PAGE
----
Is welfare dependence optimal for whom – part 6: mandatory work requirements and labour supply

A mechanism for reducing welfare programme entries while increasing welfare exits is work requirements. These minimum hours can be spent working part time, in study and training, work preparation and job search assistance or volunteering.

A work requirement is a screening device removes any advantage of moving on to welfare in terms of more leisure time. U.S. welfare reform side-stepped the problem of programme entry with lifetime time limits on eligibility and work requirements making entry unrewarding. A lifetime time limit on eligibility also reduces inflow in to welfare receipt because workers have an incentive to bank their eligibility to hard time arise. Different work tests and abatement regimes that vary with circumstances on length of time on the benefit also increase exits without increasing entry.

Most work requirement schemes have waivers for those unable to work. Work requirements make welfare receipt less attractive and more hassle while not making welfare receipt any more or any less financially rewarding to those in work.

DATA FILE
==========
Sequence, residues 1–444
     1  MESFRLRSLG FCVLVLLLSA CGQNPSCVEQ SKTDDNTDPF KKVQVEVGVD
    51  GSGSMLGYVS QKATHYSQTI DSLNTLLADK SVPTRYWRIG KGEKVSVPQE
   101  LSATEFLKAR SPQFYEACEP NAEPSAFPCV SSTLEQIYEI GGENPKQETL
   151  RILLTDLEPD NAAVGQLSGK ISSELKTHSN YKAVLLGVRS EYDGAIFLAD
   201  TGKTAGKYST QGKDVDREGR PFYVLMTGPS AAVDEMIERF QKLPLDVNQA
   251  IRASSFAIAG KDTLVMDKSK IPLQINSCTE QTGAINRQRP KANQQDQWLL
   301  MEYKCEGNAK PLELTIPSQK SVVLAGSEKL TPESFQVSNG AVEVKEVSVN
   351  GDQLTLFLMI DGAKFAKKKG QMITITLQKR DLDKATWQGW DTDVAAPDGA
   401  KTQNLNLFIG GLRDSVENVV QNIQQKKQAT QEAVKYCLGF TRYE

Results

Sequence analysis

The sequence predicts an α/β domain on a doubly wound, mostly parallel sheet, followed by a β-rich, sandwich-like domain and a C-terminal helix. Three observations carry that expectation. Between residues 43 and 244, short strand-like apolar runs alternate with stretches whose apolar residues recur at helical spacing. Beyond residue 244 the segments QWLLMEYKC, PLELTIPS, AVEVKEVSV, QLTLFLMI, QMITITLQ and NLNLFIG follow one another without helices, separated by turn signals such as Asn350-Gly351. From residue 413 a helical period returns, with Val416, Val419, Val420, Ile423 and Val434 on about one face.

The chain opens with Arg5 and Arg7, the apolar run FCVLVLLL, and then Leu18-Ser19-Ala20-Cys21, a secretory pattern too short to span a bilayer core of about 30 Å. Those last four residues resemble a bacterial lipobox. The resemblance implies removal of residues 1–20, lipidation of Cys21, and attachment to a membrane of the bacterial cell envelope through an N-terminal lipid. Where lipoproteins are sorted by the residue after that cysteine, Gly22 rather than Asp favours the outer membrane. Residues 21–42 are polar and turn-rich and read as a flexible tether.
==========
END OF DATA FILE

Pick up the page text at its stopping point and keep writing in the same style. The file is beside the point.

The gap between working and welfare receipt is larger because of the work requirements make the benefit less pleasant but no additional cash payments are made to encourage welfare programme entry.

Most welfare systems experiment with policy options to separate those who can work from the truly needy. Changes in financial incentives arising from abatement regimes, benefit levels and benefit durations are welfare reform workhorses. The clear-cut labour supply effects of work requirements are a useful contrast to the ambiguity of labour supply changes when benefit levels and abatement regimes change.

Figure 1 illustrates work requirements by introducing a minimum working hours requirement, which eliminates part of the budget constraint before the minimum hours. Work requirements combine a negative tied transfer – an obligation to work – with cash to induce those with a higher ability to work to self-select and opt out of the welfare system entirely.